Now we create the file which will store the instructions for gulp.

>type NUL > gulpfile.js

Time we installed gulp proper (use –g if you want to install globally)

>npm install gulp –save-dev

At this point, only the packages we need should be installed, so as I am just smooshing up some style files, we only need gulp-concat

>npm install gulp-concat –save-dev

Now we need to open up the gulpset1 file and add the concat dependency.

We can use notepad for this (or install a cmdline editor if you don’t wish to leave the console window (Nano is great for this)).

>notepad gulpfile.js

Add the following line;

var gulp=require('gulp'), concat=require('gulp-concat');

Now we add the gulp task to concatenate the styles files..but we have no files to concat.

So, rustle up three css files called style1.css, style2.cssstyle3.css with some css in there,  and place them in the src folder.

We can create the gulp task to concat them.

Open up the gulpfile.js file in notepad again.

Add the following;

gulp.task('styles',function(){
  return gulp.src('src/*.css')
    .pipe(concat('style.css'))
    .pipe(gulp.dest('build/'))
});

This will set the source for the task to be all the css files in the src folder, pipe them all to concat into style.css then finally move them to their destination in the build folder.

And finally, to run gulp, just call gulp with the task name.

>gulp styles

If you get a not found error at this point, you may need to install gulp and gulp-concat as global (-g).

You’ll now find a concatenated styles file in the build folder called style.css.

Let’s go deeper.. And without any water wings.

Say I want to use LESS rather than css.

I alter my gulpfile to add another task, called style-less

gulp.task('style-less',function(){
  return gulp.src('src/*.less')
    .pipe(less())
    .pipe(concat('style2.css'))
    .pipe(gulp.dest('build/'))
});

But, we haven’t got the less plugin installed yet.. so it won’t work (chortle).

To get the less compiler to work we need to install the gulp less plugin, then add it to the dependencies in the gulpfile.js.

We also need some more style.less pages. So create three using a variation of the following (careful with the minus sign, ensure you have everything spaced out);

@redcolor:#C00;
@redcolor_dark:@redcolor - #222;

.textred{color:@redcolor}
.textdarkred{color:@redcolor_dark}

Run gulp with the style-less task and you should get a style2.css with the compiled and concatenated less created CSS.

The same concept follows using a javascript transpiler.  Pipe the files to the transpiler and put them in the destination.

But wait! I hear you cry! I thought Gulp was automagical!?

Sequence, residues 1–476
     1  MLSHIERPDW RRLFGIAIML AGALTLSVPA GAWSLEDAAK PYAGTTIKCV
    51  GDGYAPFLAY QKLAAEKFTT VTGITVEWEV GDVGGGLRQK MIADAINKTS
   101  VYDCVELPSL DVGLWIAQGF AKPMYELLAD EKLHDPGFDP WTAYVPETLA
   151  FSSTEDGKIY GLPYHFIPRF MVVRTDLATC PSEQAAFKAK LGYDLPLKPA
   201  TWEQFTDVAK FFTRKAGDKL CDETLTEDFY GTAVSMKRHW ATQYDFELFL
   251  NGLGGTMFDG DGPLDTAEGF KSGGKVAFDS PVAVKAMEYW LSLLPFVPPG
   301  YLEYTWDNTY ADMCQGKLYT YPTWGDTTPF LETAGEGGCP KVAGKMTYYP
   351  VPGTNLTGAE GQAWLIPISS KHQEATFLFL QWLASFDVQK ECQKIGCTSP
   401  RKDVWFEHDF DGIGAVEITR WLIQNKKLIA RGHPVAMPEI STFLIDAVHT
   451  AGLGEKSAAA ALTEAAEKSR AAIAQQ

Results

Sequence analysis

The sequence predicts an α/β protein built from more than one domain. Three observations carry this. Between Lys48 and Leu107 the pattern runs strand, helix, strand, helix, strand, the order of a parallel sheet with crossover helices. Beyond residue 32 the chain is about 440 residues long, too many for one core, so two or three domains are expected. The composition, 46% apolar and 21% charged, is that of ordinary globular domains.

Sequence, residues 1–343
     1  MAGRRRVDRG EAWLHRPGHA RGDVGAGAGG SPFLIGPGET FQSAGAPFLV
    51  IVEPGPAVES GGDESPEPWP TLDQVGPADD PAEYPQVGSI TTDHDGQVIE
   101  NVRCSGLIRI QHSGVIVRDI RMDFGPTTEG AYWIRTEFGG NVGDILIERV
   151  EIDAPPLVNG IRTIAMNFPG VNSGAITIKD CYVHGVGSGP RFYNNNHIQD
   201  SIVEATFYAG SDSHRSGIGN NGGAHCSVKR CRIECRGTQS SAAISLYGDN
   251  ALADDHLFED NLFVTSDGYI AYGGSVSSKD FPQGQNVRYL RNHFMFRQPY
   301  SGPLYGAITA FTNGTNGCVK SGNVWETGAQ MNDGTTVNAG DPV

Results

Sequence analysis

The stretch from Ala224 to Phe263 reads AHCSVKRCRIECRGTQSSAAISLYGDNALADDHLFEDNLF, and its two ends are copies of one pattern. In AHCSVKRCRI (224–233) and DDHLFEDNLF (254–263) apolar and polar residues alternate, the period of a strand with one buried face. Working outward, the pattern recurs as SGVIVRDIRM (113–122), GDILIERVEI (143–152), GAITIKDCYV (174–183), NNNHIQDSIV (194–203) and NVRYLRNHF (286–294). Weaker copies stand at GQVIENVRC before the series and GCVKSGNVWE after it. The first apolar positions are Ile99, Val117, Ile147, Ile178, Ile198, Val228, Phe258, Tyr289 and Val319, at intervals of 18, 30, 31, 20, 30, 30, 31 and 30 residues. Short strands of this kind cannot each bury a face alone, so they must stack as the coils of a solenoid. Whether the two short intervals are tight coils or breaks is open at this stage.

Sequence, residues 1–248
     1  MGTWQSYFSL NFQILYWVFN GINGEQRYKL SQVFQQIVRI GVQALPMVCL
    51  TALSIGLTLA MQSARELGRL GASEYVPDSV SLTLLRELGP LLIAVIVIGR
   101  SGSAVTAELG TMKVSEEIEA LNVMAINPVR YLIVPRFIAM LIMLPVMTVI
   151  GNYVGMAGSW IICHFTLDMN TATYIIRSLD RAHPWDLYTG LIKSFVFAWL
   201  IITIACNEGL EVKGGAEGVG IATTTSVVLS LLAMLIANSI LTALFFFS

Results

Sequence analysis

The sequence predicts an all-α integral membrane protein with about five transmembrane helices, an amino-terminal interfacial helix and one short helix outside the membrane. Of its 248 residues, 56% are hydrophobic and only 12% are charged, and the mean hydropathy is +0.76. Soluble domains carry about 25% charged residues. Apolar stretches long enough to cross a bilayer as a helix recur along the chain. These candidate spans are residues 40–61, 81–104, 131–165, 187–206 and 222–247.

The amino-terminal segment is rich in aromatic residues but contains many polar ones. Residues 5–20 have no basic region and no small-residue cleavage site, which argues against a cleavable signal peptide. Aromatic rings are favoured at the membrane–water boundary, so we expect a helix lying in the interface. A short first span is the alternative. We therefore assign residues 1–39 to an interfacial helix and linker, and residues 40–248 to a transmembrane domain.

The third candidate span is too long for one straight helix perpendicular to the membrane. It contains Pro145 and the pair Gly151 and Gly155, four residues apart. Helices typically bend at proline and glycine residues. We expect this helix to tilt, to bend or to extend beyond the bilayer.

Ok, it is and as you insist. here is a brief overview of gulp watch.

You create a new task, call it “style-watcher”, then add a gulp watch instruction inside the task.

gulp.watch("src/*.less", ['style-less']);

Then run the style-watcher class and go and edit the stylesheet and see the magic.

I’ll let you work out how to watch the normal stylesheet files.

And that is pretty much the fundementals of Gulp. As you can see you can nest tasks, and run tasks within tasks. Gulp, alongside Grunt are the cornerstones of fullstack, node based, development. Grunt runs things a little different however,  namely in the complexity of the config, and the number of plugins due to its maturity.
However, remember all that Grunt and Gulp do is run the actual modules, so technically you don’t need either and you can do just the same with an npm build script. But thats for another day. 🙂

Take care.

 

Coming soon to your company?

 

Available from : September 2016

I’m going to update this post with my availability, so if you want to chat, give me a call. My resume and contact details are on the main page at www.neilhighley.com. Mention you saw this post and I’ll call right back!

My current role involves mainly desktop development and Industrial Hardware controllers. It’s a little different from what I normally do, but it seemed a good fit for my current interests in IOT and they’re actively using TDD and BDD for their production pipeline.

Online and Offline Software Developer available for C#, HTML, CSS, JavaScript roles from the start of November. I have almost 20 years commercial web experience and consider myself multistack, having worked across the multiple industries in a lot of positions throughout software development and operations.

Blog address: http://blog.neilhighley.com

Github repo: http://github.com/neilhighley

Main Site: http://www.neilhighley.com

Devpost: http://devpost.com/neilhighley

Daily Rate available on request.